Mino Vlachos: And I just feel called to quickly add, because some of our viewers are in the United States, in the US, sometimes we forget how many of our big corporations are actually still family businesses. So Walmart is still a family business. The Disney's are heavily involved in Disney Corporation, the Murdochs, obviously in News Corp, the Trump family. Like, there's so many family run businesses and even empires that are still being run by families. So it's still a very important topic. Even if I think in the US, my, I don't know for sure, I haven't looked at the statistics. I have a feeling we might have overall, less corporations run by families than maybe other places in the world, like Europe, Middle East, Asia, but we still have quite a few here. So it's a very important topic. I wanted to, I know you, I know you listed many kind of very big topics that are kind of very important. But I'm going to double click for the sake of time into one of them. And then maybe we do a part two where we double click into some of these other topics. But the one thing I want to talk about is actually succession planning a little bit or a little bit of the dynamics in the generations. So, you know, any family member could start a business with any family member. So there's no rules that it has to be, first generation is the father and then the second generation is the siblings. It doesn't have to be that way. But I'm going to use that actually as the example is, let's imagine we have a mother or a father that starts a business. Then second generation is siblings and then the third is cousins. So if we just start with the siblings, I know for me personally, I have a younger sister who I love dearly. I really love my sister. And if we were to somehow inherit a business together right now, we would probably have a really, really difficult time working with one another. We have decades of lived experiences of loving each other, fighting each other. We have different personalities, different motivators. And so if we talk about a business going to another generation of siblings. What helps prepare siblings to work with one another to run this business? How do you ensure succession amongst the sibling kind of cohort?

Marianne Saghbini: You need to understand first if the next generation and the siblings are willing to work together. One of the points that is during the assessment phase, when you're getting to know the members, is getting to understand from the next generation if they want this family business to continue, if they want to be involved or if they have other aspirations, if they feel that they can do it together. And how do they see the relationships among each other? They recognize sometimes the difficulties among siblings in certain areas, but they can work on that. So if they are willing and they want to do it, there are always ways around it, like trainings, development, leadership skills, communication, workshops, that you can do everything to make sure that they understand each other the way no one. We have different ways of working. Right? Like you work in a different way than I do. You have your strengths, you have your weaknesses. And then I think that the most important thing here is to really understand each person's strength and how they can add value and not stepping on each other's toes when they're working together. So again, having those clear boundaries, the roles, is very important. So it makes things easier on siblings to work together.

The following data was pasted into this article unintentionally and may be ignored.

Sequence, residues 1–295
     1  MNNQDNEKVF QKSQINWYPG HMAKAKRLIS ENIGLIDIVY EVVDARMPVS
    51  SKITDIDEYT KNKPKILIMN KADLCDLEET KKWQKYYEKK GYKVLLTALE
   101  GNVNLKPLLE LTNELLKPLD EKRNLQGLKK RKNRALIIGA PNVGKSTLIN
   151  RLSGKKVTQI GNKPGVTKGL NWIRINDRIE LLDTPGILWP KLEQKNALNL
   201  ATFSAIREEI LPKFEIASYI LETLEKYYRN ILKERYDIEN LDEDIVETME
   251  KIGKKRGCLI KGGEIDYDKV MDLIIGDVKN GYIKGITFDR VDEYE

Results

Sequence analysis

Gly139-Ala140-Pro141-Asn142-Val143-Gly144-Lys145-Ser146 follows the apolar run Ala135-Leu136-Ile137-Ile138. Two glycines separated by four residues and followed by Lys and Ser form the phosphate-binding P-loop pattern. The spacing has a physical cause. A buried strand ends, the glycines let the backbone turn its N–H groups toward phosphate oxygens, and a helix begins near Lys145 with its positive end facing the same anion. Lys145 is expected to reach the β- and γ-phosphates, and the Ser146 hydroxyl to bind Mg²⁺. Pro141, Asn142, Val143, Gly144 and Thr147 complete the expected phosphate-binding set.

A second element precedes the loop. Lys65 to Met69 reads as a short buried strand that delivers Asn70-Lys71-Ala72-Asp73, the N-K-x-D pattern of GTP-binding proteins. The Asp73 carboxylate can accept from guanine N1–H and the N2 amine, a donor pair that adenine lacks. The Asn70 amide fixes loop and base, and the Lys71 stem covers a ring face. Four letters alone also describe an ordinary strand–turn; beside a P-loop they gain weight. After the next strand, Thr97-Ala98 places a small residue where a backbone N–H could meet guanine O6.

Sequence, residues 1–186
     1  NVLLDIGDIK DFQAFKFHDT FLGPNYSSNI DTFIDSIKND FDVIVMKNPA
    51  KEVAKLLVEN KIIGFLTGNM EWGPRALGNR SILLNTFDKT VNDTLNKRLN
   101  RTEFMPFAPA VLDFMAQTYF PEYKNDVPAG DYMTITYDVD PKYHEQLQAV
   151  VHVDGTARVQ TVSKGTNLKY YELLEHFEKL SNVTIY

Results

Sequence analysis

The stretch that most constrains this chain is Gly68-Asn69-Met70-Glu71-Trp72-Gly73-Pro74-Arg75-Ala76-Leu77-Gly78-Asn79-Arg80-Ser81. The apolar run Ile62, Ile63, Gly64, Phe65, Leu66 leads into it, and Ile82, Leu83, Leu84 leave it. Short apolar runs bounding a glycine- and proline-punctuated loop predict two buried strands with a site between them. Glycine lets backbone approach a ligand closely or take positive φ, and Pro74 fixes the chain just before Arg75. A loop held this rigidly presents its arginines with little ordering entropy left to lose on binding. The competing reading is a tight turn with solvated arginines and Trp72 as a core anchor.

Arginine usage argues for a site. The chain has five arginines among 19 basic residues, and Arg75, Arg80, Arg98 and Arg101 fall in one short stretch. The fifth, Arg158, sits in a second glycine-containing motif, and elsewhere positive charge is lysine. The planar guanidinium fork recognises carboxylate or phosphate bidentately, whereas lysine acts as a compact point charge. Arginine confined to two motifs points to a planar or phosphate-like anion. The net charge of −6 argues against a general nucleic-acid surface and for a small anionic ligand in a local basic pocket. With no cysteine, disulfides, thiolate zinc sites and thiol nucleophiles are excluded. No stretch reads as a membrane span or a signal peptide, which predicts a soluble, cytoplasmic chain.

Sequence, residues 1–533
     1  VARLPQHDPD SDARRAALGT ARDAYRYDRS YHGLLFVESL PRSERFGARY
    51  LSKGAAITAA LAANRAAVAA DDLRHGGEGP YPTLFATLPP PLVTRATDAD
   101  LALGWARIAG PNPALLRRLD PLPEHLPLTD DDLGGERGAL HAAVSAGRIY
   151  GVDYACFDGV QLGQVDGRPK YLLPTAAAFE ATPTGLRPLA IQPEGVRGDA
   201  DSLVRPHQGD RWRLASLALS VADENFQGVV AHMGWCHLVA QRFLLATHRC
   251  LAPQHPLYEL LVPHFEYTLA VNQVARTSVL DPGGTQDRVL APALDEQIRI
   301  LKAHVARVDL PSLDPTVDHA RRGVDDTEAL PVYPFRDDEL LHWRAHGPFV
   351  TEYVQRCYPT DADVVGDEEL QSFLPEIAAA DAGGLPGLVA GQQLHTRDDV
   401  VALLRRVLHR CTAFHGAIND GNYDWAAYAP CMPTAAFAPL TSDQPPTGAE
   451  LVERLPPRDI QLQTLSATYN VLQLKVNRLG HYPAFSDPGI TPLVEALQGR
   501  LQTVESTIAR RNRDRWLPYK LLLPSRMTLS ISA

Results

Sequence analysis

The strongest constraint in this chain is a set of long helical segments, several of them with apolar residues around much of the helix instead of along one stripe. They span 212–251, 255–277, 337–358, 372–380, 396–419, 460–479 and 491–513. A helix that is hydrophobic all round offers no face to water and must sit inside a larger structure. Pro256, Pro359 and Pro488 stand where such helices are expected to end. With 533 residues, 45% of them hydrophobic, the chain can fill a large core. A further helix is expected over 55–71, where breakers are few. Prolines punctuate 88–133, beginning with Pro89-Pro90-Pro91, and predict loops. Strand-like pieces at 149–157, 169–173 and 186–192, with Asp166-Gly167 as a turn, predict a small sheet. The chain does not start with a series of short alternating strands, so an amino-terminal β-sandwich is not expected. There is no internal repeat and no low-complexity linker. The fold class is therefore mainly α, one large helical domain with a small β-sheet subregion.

Mino Vlachos: And so when you do work with family businesses, and I know you've done a lot of interventions, and, you know, I work with a lot with clients as well. So I know that sometimes through no fault of our own, some businesses, some leaders are more willing, receptive, motivated to accept support, and some are less so. And so some things might work, some things might not work, but not even because of the intervention itself, but because of the people that are receiving or choosing not to receive in this instance. Having said that, what are some of the things that when people are receptive and they say, yeah, we're going to go for it, we're going to do the intervention, what are some of the things that you've seen support family businesses the most to be kind of functional, healthy places between family members?

Marianne Saghbini: First of all, when they are, they start the process, it's that they are willing to go through it, and everybody is aligned on that. And that is very important because you want to include everyone. And as I mentioned before, it's an inclusive process. You cannot leave family members left out. And I think when they are doing the assessment and when we ask them a set of questions and they realize that they never thought about this before, this is where they're intrigued to understand more what's going to happen? What if I pass away? What's going to happen to the west? Are the next generation ready? How much should I. Am I supposed to transfer Wes to the next generation? They have so many questions, whether it's the founder or the next generation taking over. So I think the exercise itself of sitting, talking privately in a confidential setting with every family member also is the first step that enlightens them. The second is gathering those family members together in workshops and discussing those topics together. Making sure that we are setting the rules and the guidelines for our family, for our family business. And we're doing it with the help of an advisor, but we're doing it. I'm not there to dictate what they should do, but you're there to see what is relevant to them and what makes sense once they're aligned. I think this is how they can prosper, because they are moving forward towards the same vision now and the same goals. And that's how they feel that they're adding value in the right place. They understand where they fit in the ecosystem of the family business and what are their roles and responsibilities and how they can impact and have an impact on the family business and in the world, basically.